This made me smile, but it also made me just the teeniest bit sad. I had a Latin Abuela who left messages just like your mom’s. Worse, actually, I think. LOL. “Issa? Iiiiiiiissaaaaaa? Issa? Iiisssaaaaaa? Iiiiiiisssssaaaaaaa? Llamame.” And several variations of that theme, lol. I miss her very much. She was my everything.

    Thanks for sharing this.

  • Lou says:

    OMG, that is my mother. Well, it used to be. Until my parents moved to Panama last summer. Now she has learned all about Yahoo IM, which is what my coworkers and I use to communicate (we are home-based and all over the U.S.). So she will IM me continuously throughout the day. And if I don’t reply immediately, she freaks out (“estas ahi todavia? te paso algo? contestame!”) Relax, woman! I’m working! Oh, and if she doesn’t see the little yellow dot next to my name that says “available”, she will call my sister to ask why I am not working, is everything okay, am I sick. Umm, hello?? Maybe I took a personal day.

    My sister uses Skype to call my mother in Panama. However, because it is cheaper for my mom to call here than vice versa, when my sister calls her, she will say “Oye, llamame”, intending to hang up right away so my mother can call her back. My mother – ever the Negative Nelly (is that a Cuban thing or a mother thing??) – will always gasp and ask “que paso?!” To which my sister has to say “nada, mami. para hablar.” Every. single. time.

    While they were still living here in Miami, she would call me and my sister several times a day. I guess because she was bored. But if we were busy and were like “mom, I can’t talk now” she would get all insulted that we didn’t have time to talk to her right then and there. And if we let the call go to voicemail, and we didn’t return her message within five minutes, she’d be calling again in six! And – like Yvette’s mom above – there was the nightly “just making sure you are home safely” call.

    Love her, but oh boy!!

  • Gloria says:

    Hi Carrie, I hope you remember me. Your Tia Mirtha’s friend aqui en Miami. I remember when you were a little girl and I knew your abuela, abuela, and all your tios and tias. I love your videos and your comments. Yes, I understand las mamas Latinas. My mom has been gone for almost 8 yrs. now, but I do remember when she kept calling me, and asking “a que hora vas a regresar?” And when she lived with me for a while, she used to stay up and wait for me to get home, and I was already in my late 30′s and even perhaps 40. Pero ahora, I miss her a lot, I wish she were here still. Keep up the good work. Your tia told me you’re coming to Miami soon. A lo mejor nos vemos. Besos y abrazos.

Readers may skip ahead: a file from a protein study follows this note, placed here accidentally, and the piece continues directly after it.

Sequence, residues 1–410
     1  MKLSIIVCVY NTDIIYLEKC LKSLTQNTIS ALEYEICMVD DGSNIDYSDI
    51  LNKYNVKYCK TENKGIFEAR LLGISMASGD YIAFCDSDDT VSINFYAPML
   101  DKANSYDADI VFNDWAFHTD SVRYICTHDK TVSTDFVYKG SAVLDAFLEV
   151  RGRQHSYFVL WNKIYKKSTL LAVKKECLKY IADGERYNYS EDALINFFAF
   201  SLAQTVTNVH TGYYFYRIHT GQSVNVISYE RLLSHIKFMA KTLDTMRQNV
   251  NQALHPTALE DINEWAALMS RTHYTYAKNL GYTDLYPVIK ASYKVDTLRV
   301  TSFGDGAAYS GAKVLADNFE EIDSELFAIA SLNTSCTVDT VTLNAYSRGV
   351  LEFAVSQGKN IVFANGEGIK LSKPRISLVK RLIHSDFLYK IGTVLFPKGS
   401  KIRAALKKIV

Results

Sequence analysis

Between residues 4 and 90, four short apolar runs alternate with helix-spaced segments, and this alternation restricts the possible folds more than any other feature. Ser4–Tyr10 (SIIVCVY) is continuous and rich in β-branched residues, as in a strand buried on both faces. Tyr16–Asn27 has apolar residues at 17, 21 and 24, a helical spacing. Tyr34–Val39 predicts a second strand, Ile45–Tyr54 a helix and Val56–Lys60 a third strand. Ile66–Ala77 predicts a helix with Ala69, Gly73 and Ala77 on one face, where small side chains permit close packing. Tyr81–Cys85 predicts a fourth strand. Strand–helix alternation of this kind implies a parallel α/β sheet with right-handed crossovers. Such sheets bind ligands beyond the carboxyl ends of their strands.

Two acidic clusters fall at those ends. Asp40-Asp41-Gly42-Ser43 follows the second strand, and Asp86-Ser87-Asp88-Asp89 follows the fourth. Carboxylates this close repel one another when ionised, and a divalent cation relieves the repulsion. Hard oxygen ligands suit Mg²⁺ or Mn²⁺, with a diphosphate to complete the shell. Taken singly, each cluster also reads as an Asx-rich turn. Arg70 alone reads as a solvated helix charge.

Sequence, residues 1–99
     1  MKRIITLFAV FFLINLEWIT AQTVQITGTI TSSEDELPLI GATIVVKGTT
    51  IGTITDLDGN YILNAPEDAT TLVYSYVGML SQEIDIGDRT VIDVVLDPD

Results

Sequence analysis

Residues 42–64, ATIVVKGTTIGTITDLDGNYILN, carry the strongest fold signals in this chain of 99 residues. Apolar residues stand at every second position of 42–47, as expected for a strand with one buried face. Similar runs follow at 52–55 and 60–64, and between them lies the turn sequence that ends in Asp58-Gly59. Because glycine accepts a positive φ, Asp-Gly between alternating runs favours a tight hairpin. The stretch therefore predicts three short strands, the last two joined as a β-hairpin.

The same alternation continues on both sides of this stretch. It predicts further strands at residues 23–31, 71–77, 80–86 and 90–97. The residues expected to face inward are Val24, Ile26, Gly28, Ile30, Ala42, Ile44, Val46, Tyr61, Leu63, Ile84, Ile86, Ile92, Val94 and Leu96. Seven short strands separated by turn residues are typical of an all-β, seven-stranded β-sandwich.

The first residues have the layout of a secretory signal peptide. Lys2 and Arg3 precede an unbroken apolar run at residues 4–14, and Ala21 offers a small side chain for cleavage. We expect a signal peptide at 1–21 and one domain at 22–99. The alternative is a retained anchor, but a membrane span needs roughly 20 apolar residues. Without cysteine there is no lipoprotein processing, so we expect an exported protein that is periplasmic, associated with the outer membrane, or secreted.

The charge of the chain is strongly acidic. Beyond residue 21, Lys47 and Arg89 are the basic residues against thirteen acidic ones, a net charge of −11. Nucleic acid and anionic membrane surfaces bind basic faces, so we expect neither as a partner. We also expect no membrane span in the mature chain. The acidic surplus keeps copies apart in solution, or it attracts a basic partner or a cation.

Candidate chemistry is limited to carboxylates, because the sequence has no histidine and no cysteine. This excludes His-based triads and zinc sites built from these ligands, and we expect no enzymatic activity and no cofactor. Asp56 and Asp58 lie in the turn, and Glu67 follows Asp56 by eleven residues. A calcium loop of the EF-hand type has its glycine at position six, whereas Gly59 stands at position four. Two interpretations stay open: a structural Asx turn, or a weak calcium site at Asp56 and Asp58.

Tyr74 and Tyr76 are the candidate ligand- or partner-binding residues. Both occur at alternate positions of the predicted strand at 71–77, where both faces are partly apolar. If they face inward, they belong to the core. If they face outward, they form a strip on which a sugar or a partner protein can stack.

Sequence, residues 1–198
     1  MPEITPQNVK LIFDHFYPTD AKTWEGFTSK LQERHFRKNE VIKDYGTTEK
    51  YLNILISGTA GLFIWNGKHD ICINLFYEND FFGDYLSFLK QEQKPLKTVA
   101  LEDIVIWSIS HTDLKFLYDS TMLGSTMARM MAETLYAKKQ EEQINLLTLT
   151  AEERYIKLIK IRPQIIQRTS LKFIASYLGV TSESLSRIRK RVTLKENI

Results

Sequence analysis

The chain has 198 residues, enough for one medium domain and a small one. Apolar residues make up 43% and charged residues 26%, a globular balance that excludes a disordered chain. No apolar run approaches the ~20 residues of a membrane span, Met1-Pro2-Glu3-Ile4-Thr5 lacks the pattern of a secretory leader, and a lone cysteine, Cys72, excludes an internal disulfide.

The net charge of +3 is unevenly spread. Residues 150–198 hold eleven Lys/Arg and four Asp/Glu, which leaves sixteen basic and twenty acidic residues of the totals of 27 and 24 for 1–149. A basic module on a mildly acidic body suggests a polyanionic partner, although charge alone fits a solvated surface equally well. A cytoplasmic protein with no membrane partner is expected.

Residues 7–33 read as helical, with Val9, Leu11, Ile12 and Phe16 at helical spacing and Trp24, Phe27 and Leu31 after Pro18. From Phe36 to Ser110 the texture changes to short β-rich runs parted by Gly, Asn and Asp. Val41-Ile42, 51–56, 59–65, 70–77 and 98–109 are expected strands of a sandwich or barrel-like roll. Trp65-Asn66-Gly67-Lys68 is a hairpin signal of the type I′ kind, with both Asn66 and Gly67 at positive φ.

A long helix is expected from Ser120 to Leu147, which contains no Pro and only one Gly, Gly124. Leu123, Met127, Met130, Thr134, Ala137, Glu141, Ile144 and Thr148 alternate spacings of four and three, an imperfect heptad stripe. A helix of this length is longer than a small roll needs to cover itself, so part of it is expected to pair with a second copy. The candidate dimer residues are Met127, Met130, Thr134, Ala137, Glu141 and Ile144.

• AminaE says:

    Working at a Latino lifestyle magazine (cafemagazine.com), I’ve learned a lot about Latina mothers – and they sound awesome! If you’re interested in learning more about Latina mothers who work to balance their American and Latina cultures when raising their kids, you should check out a great article of ours. It’s called “All About My Acculturated Mamá” and it seems like a lot of you would be able to relate to it. Here’s the link: http://www.cafemagazine.com/index.php/component/content/article/56-0906-features/191-all-about-my-acculturated-mama.

    Hope you enjoy it!

    Your friend from Cafe,

  • Lisa Renata says:

    Hay, hay, hay Carrie. This is just to adorble. Mamis latinas, gotta love them. I LOVE mine!

  • haysel says:

    I LOVE it! This is just like mi mami and I’ll be playing this video for her tonight. I’m sure she’ll see herself in it. I also often wonder whether with age I’m slowly turning into her and whether my kids will some hear me saying “halloooooo”

  • Marilyn says:

    OMG, LMAO, mi prima te la comiste with this. I know first hand about having a tiki tiki mom and I must confess I too have become this tiki tiki mom. Don’t worry Maria it still too young but guarntee you that you too will be this fierce monster.

  • Jenny B says:

    HAHAHA!!!!! This was great. My mami sent this to me. I live in IL for my husband’s work and the Americanos we know go months without talking to their moms or their kids. I’m like, Uh, my parents would think I’m dead or get on a plane and kill me if I didn’t call them. LOL. My parents aren’t as tiki tiki as my abuela. It cracked me up when she left the message about un chizme. Aye! I miss Miami!!!

    • Carrie says:

      Hola, Jenny. Glad your mami sent you. It’s certainly different being away, isn’t it…almost makes the tiki tiki charming! I am headed to Miami this weekend, so there will lots more video inspiration.
      Thanks all for the continued comments — especially from my tiki tiki-ing cousins and tias — the source of my daily inspiration.

  • Ana Granda says:

    Holy crap!!!!yes I LOL but my mami is a saint….It’s not her that does the insane calling and calling and calling, cell, to house, to cell, to house…..it’s my FATHER…..is he sure there’s not a raging Cuban mother inside that head of his……Like my abuela EVE and some of you knew her well…..he is the pituita, the pendesiera, the chismosa, and the obsesive caller……Hay Dios Mio!!!!

  • [...] I stumbled upon a blog post from Tiki-Tiki Blog which highlights this Hispanic reality. Here is a video and a link to her [...]

  • Unknown Mami says:

    Yes, I have a Latin mother and yes I am one.

  • Eva Smith says:

    I love this post! Llamame que te tengo un chisme. Me gusta mucho!